Grocery Shopping Takes Longer

We interrupt this series of columns on serious subjects that matter to take on a subject that really matters.

Well, sort of.

What is that subject, you ask?

Stores that you frequently visit and which–out of the blue–move much of their merchandise to different parts of the store.

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You know the feeling.

You know the location of everything you usually buy. However much you enjoy shopping, you can–if you wish–get through, and out of, the store quickly.

It could be any kind of store. Just to pick one example, if the store is a grocery store, you know where the produce is.

You know where the bread is.

You know where the meat is.

You know where the dairy products and juices are.

You know which aisles you need to traverse.

And just as importantly, you know which aisles you don’t need to traverse.

If you don’t have a four-legged family member, you can stay out of the aisle with the dog and cat food.

If you don’t drink pop, you can stay out of the pop aisle.

If you don’t–or shouldn’t–eat cookies and candy, you can stay out of that aisle too.

Maybe you even make a grocery list with items largely in the order in which the store has them. Then you don’t have to keep reading your whole list to see whether you have everything.

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Until, that is, the store moves much of its merchandise to different parts of the store.

Then you have no idea–none–where many items are.

You have to walk up and down every aisle–every single one–to find what you want.

Then you get to the end of the store but haven’t found everything on your list.

Do you know where the missing items are? No. If you did, you probably wouldn’t have missed them.

So you either have to find someone to help you, which with minimum-wage increases is getting harder and harder to do. Or you have to start all over again and walk up and down every aisle to find what you’re missing.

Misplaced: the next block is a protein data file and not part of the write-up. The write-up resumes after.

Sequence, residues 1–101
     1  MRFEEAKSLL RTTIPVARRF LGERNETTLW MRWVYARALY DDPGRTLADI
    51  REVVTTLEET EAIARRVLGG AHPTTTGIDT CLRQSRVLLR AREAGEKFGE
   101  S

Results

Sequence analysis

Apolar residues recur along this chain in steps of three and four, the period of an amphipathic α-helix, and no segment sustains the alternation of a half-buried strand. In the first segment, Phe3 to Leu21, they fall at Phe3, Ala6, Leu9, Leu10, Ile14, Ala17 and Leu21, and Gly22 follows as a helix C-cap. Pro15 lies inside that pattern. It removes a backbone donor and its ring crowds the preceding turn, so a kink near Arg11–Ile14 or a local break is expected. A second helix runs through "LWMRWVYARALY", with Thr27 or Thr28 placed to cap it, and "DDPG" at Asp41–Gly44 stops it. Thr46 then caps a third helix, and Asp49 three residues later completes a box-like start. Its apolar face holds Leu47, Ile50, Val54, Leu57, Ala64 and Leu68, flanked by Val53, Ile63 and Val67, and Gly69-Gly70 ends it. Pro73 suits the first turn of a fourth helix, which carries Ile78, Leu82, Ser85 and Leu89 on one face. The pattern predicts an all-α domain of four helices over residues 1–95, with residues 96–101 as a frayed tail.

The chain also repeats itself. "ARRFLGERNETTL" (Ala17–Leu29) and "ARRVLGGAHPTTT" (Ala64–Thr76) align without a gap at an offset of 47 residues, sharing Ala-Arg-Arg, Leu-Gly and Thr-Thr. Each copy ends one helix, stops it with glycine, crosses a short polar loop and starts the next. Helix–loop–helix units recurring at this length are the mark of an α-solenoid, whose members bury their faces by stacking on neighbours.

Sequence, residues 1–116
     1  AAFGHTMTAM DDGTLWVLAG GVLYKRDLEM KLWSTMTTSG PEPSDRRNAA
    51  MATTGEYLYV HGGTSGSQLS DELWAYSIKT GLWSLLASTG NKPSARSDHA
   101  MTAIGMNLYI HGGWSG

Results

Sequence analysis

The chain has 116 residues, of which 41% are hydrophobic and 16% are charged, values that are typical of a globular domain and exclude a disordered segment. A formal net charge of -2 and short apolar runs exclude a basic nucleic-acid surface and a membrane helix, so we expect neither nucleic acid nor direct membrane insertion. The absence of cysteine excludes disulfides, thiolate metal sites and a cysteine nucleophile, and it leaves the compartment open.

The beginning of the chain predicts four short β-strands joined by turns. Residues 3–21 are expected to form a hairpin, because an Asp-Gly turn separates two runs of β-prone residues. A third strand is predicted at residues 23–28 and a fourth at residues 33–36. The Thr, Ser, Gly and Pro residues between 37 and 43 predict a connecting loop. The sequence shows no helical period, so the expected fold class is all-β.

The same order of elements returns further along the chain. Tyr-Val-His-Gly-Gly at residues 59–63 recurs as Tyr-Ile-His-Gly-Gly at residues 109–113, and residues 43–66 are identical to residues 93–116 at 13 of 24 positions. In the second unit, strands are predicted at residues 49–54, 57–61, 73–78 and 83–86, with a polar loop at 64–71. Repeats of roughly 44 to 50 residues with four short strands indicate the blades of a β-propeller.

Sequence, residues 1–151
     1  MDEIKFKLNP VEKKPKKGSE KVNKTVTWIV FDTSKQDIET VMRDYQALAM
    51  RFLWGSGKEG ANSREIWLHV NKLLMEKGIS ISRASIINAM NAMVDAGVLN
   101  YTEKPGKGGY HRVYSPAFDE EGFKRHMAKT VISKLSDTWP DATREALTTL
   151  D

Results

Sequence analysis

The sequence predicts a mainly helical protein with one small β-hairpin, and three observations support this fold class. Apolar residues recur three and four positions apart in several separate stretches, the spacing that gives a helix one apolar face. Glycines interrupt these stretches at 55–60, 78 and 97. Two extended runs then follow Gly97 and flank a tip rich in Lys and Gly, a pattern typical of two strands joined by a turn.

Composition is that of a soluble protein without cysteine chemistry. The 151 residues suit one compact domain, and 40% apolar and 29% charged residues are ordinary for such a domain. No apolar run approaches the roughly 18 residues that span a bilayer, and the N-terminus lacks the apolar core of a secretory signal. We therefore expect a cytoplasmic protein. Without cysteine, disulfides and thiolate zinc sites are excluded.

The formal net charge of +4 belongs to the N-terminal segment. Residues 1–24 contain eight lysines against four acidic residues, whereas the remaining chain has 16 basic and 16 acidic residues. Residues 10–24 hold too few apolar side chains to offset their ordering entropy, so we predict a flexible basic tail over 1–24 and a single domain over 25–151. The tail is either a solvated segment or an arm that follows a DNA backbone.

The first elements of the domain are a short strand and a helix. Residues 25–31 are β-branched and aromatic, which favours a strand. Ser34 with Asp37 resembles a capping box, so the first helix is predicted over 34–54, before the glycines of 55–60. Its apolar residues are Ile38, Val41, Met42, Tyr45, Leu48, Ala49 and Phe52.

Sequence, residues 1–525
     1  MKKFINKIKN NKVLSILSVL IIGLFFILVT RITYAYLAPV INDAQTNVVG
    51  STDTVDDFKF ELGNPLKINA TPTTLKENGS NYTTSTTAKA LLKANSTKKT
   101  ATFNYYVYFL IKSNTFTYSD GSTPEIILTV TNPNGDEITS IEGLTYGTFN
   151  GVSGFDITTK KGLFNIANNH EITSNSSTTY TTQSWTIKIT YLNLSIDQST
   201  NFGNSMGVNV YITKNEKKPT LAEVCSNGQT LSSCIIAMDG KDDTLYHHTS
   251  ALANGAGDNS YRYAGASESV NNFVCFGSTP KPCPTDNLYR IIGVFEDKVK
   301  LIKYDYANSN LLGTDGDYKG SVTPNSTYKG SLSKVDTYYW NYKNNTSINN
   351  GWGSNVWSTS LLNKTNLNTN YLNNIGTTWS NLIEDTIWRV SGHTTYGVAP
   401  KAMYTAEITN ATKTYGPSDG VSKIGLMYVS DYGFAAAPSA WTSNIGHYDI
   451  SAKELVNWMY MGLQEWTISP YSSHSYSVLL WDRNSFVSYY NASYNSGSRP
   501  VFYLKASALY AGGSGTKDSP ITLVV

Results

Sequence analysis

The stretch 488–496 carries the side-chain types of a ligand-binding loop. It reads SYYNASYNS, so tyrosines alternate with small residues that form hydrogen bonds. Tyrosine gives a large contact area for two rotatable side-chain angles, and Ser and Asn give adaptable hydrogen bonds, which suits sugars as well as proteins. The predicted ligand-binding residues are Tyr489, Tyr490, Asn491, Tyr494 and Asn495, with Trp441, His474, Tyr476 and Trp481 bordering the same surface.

Along the way, you meet fellow shoppers who are also shaking their heads in some combination of laughter or frustration that it suddenly takes much longer to buy groceries than it used to.

Much longer.

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With all of this in mind, let’s go to Mrs. Elf’s (this columnist’s wife’s) favorite grocery store to buy ingredients for two of Mrs. Elf’s (this columnist’s mother’s) favorite dishes.

Except that–just for fun–we’ll go to where the ingredients used to be and see what’s there now.

To make chicken and noodles, we’d get chicken, mushrooms, peas, and butter. So far, so good. And we’d also get light bulbs, canned dog food, popcorn, and rice.

Then, to make chili, we’d get ground beef, celery, and an onion. So far, so good. And we’d also get bottled water, cat food, and rice.

Maybe we’d need the bottled water to wash down the light bulbs, not to mention the canned dog food, popcorn, rice, and cat food.

Doesn’t that sound just delicious?

Let’s skip the dog and cat good, and especially the light bulbs, thank you.

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It wouldn’t be surprising if some marketing plan were behind moving merchandise to different parts of the store.

Get shoppers to spend more time in the store and they’ll buy either items that are new to them or items they haven’t bought in a while.

Such as the cookies and candy they shouldn’t be eating.

Yet with recent inflation–including in grocery stores–how many extras are you buying lately?

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A particular store that has moved merchandise now has Buffalo Bills’ merchandise where over-the-counter medications related to the digestive system used to be.

Never mind the edition of this column two weeks ago. There’s a joke in there somewhere.

Randy Elf still doesn’t know where everything in a particular store is, and, no, he doesn’t buy more than he used to.

(c) 2023 BY RANDY ELF


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